For the third year in a row, women and their allies across the country set aside time to join with friends and family to participate in the 2019 Women’s March. Although the movement has celebrated victories with the recent 2018 mid-term elections, as with many grassroots movements, it has also been challenged to withstand struggles from within. The words that resonated the most with me from the platform at the rally were from a 15 year-old Black Lives Matter activist asking us all, “What are we doing in between marches” to push forward for justice for ALL and “for those that have privilege, how are we using our platforms and privilege to push for justice?”
The numbers this year were smaller, but many carried the flag of persistence, such as the Angeleno family pictured above. Having marched in Washington D.C. in 2016 and Los Angeles last year in 2017, my impression overall from this year’s march in L.A. was the significant number of families participating together. There were many children playing in a playground in front of City Hall as we walked up to the main staging area. Family participation was true for my family as well, with my husband and millennial-aged kids joining me for the first time. Below is a set of women who told me they were all related, as well as what appeared to be a mom and daughter – this was very typical of the day! I loved the generational approach to many that came together to stand for justice.
The causes were diverse, but I was moved to see the older moms, aunties, and sisters modeling the importance of each woman’s and girl’s voice:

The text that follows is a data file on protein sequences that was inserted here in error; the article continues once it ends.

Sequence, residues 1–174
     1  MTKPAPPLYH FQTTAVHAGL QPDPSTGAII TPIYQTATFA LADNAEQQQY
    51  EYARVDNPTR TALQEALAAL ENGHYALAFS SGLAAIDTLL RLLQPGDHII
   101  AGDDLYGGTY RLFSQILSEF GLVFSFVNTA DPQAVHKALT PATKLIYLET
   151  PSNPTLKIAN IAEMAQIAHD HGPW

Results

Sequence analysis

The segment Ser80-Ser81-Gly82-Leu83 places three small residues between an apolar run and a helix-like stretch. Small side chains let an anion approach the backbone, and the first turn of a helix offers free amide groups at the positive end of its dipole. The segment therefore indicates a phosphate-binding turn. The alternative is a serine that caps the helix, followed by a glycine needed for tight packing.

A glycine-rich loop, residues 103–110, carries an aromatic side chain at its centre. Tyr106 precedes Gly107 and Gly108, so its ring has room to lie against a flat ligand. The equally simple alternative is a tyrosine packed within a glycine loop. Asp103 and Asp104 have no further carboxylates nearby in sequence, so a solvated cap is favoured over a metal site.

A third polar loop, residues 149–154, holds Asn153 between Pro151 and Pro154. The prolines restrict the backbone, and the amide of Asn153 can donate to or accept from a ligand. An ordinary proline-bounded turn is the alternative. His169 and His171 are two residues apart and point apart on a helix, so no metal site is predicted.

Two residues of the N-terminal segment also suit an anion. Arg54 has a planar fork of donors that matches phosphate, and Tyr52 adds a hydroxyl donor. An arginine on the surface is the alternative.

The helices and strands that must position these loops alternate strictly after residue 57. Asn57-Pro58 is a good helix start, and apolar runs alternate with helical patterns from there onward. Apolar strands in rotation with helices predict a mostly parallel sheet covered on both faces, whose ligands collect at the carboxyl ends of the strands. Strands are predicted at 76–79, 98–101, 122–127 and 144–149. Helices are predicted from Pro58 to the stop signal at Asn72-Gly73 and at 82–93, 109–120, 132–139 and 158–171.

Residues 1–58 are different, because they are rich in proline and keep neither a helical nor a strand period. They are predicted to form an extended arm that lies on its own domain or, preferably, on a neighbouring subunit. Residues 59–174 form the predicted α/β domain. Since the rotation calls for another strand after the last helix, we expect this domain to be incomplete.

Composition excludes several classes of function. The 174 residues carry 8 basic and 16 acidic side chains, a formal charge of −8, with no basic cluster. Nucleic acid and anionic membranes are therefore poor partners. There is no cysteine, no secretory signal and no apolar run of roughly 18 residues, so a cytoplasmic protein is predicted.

It was a warm and sunny So Cal day in Downtown Los Angeles for the third annual Women’s March. It just never seems hard to join in with a water bottle, hat and comfortable pair of shoes!
And of course, it is always fun to see the creativity of the signs people make:
“I wouldn’t wanna be the guy who pissed off all these women” ~
In the future, I hope to do better with my sign – some folks are seriously artistic as well as pointed in their messaging:
“Your Silence Will Not Protect You” ~
“Super Callous Fragile Racist Sexist Nazi Potus” ~
“Notorious RGB” ~
“Allow Me to Reintroduce Myself” & “Women are the Wall and Trump Will Pay” ~
My mother, grandmother and I were all born in Los Angeles County, and my daughters were too. One of the things I love so much about L.A. is the diversity. It feels like a Southern Californian value that “every human is valuable and each voice offers a unique contribution”, whether native born or recent immigrant“!
I am so impressed with the millennial generation! Culture Honey has written about the “March for Our Lives” students before, and I am amazed at the results their heartfelt and well-organized efforts have made in terms of implementing new gun laws and electing officials that support common sense gun laws. I love to see these young people taking civic impact seriously – all the while having a great day together:
One of the most energetic moments of this year’s rally at the end of the march was when an artist performed the 1978 Gloria Gaynor disco classic “I Will Survive“. In the #metoo #timesup era, the words seemed to take on deeper significance. We danced and sang in community to the familiar tune!
Final two impressions – again, “the family that marches together….”
And… SHE WILL PERSIST!